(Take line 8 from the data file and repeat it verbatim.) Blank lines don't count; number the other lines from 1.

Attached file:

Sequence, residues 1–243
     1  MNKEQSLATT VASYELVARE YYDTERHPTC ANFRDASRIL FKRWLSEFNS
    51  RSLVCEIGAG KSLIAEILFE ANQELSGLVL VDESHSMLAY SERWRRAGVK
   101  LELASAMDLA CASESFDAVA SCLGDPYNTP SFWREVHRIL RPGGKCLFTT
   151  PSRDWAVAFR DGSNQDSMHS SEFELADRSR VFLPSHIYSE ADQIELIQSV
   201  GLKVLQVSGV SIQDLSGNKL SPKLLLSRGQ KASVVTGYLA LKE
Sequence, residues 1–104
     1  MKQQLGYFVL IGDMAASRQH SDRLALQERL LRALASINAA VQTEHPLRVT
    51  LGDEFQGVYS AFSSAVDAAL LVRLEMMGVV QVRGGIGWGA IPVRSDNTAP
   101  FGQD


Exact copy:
     1  MKQQLGYFVL IGDMAASRQH SDRLALQERL LRALASINAA VQTEHPLRVT